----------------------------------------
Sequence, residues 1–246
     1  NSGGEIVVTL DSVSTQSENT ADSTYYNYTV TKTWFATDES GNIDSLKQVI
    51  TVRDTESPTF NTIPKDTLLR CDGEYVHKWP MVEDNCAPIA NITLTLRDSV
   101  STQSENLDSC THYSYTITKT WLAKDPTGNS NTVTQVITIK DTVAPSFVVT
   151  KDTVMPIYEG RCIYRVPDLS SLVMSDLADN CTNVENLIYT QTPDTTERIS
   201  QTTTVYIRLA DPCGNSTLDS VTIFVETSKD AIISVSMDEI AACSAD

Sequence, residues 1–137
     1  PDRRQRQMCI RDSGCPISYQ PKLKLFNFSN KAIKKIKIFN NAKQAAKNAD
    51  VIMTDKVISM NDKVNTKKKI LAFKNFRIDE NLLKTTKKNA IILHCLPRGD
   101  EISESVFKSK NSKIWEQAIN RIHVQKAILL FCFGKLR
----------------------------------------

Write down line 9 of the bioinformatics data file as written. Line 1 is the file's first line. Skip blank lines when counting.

    51  VIMTDKVISM NDKVNTKKKI LAFKNFRIDE NLLKTTKKNA IILHCLPRGD